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Case managers in France: Impact of seniority and graduation on practices and professional representations

Authors:

Julien Le Guen ,

Service de Gériatrie, Hopital Européen Georges Pompidou, APHP, Paris, FR
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Hervé Villet,

Fondation Médéric Alzheimer, Paris, FR
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Jean Pierre Aquino,

Fondation Médéric Alzheimer, Paris, FR
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Sophie Moreau-Favier,

Caisse nationale de solidarité pour l'autonomie, Paris, FR
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Catherine Périsset,

Caisse nationale de solidarité pour l'autonomie, Paris, FR
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Marie-Antoinette Castel-Tallet,

Fondation Médéric Alzheimer, Paris, FR
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Dominique Somme

Faculté de Médecine, Université de Rennes 1, Service de Gériatrie CHU de Rennes, Centre de Recherche sur l'Action Politique en Europe UMR 6051 Hôpital Pontchaillou, Rennes, FR
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Abstract

In France, integrated care is a recent process, initially experimented during the National Alzheimer Plan 2008-2012. One of the key measures of this policy concerned the training of case managers (CMs) for elderly subjects presenting complex situations at home. All CMs received the same formation; they began exercising between 2008 and 2015. Few data are available on their opinions and professional practices.

Objectives: 1/description of CMs professional practices and 2/analysis of the influence of seniority and graduation on these practices and CMs opinions on their profession.

Methods: A national survey was conducted by questionnaire sent to all CMs between January and February 2016; multivariate analysis of the influence of seniority and graduation on professional practices and opinions was performed.

Results: Participation rate was 78% (n = 546). Among the participants, 93% were women (median age 35 years) and 48% had a seniority of more than 2 years. At the time of the survey 52% of the CMs were graduated. On average, each CM was monitoring 23 situations. The CMs whose seniority was > 24 months had more situations in charge: 27± 8 vs 18±9 when the seniority was ≤ to 24 months (p = 0.0005). Those who were graduated also had more situations in charge: 26±8 for graduated vs 17±9 for non-graduated (p = 0.0005).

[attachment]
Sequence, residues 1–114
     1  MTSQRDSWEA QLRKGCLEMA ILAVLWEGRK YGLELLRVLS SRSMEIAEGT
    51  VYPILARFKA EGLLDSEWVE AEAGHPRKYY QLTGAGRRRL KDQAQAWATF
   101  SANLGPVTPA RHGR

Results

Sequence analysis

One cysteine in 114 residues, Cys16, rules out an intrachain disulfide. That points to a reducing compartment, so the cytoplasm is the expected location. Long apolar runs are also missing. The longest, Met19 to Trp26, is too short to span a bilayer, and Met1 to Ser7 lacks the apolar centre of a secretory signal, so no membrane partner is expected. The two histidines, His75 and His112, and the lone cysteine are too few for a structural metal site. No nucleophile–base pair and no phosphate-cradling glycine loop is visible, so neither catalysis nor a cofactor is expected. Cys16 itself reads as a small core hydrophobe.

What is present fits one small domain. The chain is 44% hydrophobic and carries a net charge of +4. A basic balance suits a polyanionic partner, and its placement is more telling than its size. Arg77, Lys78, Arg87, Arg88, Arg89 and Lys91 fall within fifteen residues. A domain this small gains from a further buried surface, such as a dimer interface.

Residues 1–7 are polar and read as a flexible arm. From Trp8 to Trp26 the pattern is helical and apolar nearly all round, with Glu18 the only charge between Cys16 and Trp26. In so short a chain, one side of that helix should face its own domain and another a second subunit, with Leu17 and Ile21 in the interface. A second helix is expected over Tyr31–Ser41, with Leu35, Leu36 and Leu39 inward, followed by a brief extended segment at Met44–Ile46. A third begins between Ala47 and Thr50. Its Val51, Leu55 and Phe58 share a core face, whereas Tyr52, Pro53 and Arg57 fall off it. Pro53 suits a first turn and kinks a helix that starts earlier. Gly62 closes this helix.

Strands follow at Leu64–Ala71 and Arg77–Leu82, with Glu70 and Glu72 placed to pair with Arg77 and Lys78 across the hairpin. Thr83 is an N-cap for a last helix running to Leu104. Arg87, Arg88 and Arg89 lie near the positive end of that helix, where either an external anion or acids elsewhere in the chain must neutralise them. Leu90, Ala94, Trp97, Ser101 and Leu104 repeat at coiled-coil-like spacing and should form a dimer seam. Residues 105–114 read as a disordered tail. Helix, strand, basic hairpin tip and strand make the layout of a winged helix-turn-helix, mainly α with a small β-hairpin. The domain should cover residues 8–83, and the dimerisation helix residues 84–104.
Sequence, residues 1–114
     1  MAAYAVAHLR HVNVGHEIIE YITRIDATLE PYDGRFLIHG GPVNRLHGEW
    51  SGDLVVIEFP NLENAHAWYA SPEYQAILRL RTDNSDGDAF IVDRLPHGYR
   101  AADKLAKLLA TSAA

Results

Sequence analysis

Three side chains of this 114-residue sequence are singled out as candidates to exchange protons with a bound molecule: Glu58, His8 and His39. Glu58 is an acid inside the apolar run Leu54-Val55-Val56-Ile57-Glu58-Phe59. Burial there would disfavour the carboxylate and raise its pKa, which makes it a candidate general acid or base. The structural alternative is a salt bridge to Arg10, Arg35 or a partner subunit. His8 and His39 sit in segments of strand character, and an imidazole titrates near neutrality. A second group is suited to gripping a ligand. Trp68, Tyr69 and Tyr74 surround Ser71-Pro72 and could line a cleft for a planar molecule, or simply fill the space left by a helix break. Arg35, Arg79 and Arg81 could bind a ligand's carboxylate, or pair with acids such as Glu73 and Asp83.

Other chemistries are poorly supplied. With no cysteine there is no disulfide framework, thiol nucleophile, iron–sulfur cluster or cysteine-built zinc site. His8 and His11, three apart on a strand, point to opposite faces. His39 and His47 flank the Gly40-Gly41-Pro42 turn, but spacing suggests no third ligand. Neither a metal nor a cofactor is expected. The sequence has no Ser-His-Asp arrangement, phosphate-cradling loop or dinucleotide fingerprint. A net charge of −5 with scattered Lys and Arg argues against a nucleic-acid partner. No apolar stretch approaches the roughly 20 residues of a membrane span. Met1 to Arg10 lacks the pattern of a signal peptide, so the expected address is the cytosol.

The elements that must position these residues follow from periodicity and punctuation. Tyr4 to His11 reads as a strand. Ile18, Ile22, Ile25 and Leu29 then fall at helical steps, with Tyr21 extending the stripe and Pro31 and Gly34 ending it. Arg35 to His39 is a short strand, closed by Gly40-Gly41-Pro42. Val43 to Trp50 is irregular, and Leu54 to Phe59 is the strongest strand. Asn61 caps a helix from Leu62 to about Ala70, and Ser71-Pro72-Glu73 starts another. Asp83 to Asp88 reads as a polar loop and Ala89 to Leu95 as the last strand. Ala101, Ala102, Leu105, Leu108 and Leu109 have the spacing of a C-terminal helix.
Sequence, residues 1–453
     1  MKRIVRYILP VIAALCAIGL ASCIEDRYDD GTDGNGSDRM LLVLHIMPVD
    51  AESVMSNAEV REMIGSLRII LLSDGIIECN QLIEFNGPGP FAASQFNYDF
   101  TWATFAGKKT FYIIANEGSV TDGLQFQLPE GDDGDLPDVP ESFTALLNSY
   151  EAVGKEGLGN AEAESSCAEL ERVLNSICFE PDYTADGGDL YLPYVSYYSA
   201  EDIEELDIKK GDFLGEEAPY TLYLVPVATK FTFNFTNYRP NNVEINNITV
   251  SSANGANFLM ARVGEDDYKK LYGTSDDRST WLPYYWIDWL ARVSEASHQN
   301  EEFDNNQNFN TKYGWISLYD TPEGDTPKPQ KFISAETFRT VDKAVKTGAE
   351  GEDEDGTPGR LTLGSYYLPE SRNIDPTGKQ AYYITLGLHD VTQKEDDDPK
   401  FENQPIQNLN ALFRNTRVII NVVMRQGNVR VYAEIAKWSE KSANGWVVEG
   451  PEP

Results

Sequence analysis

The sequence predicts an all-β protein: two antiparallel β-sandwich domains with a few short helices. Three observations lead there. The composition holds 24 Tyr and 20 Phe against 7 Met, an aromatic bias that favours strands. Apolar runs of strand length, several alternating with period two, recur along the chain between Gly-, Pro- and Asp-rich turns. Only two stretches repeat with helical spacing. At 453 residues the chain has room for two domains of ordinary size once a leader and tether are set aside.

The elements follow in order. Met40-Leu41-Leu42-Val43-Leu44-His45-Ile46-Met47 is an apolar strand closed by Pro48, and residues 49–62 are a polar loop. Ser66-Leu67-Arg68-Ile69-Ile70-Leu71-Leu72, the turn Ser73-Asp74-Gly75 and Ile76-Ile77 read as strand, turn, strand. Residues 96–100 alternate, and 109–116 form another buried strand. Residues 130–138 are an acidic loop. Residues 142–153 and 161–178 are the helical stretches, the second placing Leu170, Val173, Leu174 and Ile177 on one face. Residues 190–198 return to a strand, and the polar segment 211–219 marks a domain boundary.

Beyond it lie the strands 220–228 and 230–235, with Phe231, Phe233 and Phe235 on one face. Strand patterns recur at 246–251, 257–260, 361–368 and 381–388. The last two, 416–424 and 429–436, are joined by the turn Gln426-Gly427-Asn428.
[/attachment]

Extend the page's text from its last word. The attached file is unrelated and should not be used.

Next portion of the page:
CMs whose seniority was > 24 months seemed less likely to continue with case management when they met with reluctance from the patient (OR 0.4 CI 0.23-0.72 p = 0.002), and reported less often to negotiate with the person upon refusal (OR 0.44 CI 0.22-0.89 p = 0.024). When they encountered difficulties, CMs declared to be more likely to discuss situations with their colleagues rather than with their superiors (OR 1.80 CI 1.01-3.22 p = 0.046). They expressed more frequently the wish to manage fewer situations (OR 1.56 CI 1.08-2.26 p = 0.017). They considered more often that one of the specific contributions of their profession was the strengthening of the ambulatory- hospital links (OR 1.95 CI 1.07-3.57 p = 0.03).

Graduated CMs reported less systematic use of the Individualized Service Plan tool than non-graduated (OR 0.43 CI 0.25- 0.75 p = 0.003). They also expressed the wish to manage fewer situations (OR 1.57 CI 1.05-2.25 p = 0.026), and to have more ethical reflection (OR 1.97 CI 1.14-3.39 p = 0.014). They considered more often that the specific contribution of their profession was an improvement in the quality of life of the accompanied persons (OR 2.81 CI 1.07-7.37 p = 0.036). Graduated CMs declared more frequently that they wanted to stop this function in the future (OR 7.78 CI 2.05-29.48 p = 0.003).

Conclusion: Seniority and graduation seem to favor certain arrangements with CMs practice and modify representations. Unexpectedly, the graduation does not seem to encourage the CMs in the pursuit of their task. More studies are needed to understand why training does not strengthen CMs in their professional practice. 

How to Cite: Le Guen J, Villet H, Aquino JP, Moreau-Favier S, Périsset C, Castel-Tallet M-A, et al.. Case managers in France: Impact of seniority and graduation on practices and professional representations. International Journal of Integrated Care. 2017;17(5):A376. DOI: http://doi.org/10.5334/ijic.3694
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Published on 17 Oct 2017.

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